• Getting to the (non-tidal) Thames and realising there would be no flow whatsoever, this was a major disheartener!
  • Every time I got my boat out a portage I was sure some sort of masochist was throwing rocks in the back just to make it heavier as I struggled to heave it onto my shoulder.
  • As the race progressed the Camelbak rucksack as I was carrying was cutting into my underarms more and more leaving some quite hefty chaffage!
  • My right wrist slowly starting to ache with the telltale sign of Tendonitis… I eased off on the catch with my right hand and concentrated on driving harder with my legs only to develop the feeling that some one had put a rock underneath my backside, this slowly transformed into the feeling that some one was driving a red hot needle into my right buttock on each stroke, not a very pleasant sensation I can assure you!

Sunday

After all this I was ready to start again on Sunday and I was ecstatic to get to the last portage before Teddington (Molseley rollers) safe in the knowledge that it was only a 4 mile "bimble" to Teddington and the opportunity to get some more much needed rest. This was the longest 4 miles I had ever paddled in my life, it seemed to take hours and I really was in a foul mood afterwards. That evening Susie and Myles came out to Thames Young Mariners to say hi and grab some food. This was a major boost to my morale and from this point having already covered 108 miles, I knew that it was only a 17 mile push to home the next day.

Monday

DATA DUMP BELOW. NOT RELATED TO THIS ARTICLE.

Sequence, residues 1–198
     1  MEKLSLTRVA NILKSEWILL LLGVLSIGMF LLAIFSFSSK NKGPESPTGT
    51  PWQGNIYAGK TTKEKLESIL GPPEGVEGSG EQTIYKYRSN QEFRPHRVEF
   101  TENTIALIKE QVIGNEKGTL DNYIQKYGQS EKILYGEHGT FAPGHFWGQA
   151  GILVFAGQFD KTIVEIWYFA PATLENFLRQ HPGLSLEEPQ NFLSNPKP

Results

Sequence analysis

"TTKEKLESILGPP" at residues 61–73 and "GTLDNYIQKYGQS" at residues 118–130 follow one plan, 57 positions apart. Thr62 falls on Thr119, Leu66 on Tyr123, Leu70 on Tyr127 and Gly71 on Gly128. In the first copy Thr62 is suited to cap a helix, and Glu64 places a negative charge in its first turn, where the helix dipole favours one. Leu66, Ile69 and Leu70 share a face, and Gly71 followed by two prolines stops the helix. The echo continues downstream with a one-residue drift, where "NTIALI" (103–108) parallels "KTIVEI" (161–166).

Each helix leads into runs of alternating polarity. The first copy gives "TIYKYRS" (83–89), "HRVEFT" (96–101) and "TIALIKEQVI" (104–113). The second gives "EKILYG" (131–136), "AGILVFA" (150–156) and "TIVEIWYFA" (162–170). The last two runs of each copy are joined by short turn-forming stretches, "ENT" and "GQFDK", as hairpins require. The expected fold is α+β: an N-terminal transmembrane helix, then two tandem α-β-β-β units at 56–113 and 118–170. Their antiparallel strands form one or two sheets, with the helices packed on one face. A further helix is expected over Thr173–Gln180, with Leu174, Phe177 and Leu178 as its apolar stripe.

Monday morning came, another scruitneering session to ensure our boats were safe for the Thames and we were off on the last section. There were some very nervous faces in the paddock that morning, lots of people worried about the busy commercial tidal section of river they were about to embark on. I was quite relaxed at this point. Although I'd never paddled the tidal Thames in a tippy K1, I had been on it plenty of times in a sea kayak. The thought of the other river traffic didn't bother me at all. The one thing I did under-estimate though was the physical toll that the previous 3 days flat water paddling had taken on my body. I had been pushing hard all the way and by this point the tendonitis in my wrist and the literlal pain in the ass that I was suffering was really making life hard. At one point I even contemplated just capsizing and letting a safety boat pick me up… that way it would have all been over and I could be on my way home to bed. I quickly shook that thought off and as I reached the first bridge in London I was glad I did. Seeing familiar faces and hearing familiar voices for the first time in the race encouraging me to keep going really lifted my spirits… Carter and Sue commented on how they could actually see me getting a sprint on as soon as they shouted to encourage me home. In hindsight this represented my biggest challenge throughout the race, not having the support of friends at each portage to provide the much needed reinforcement and support to keep me going, something I hadn't really anticipated being a problem (rather naively perhaps). Hearing the support repeated at various bridges along the way from Geoff, Louise, Myles and of course Susie really lifted my spirits. So much so that at more than one point I'm not afraid to admit that I was welling up.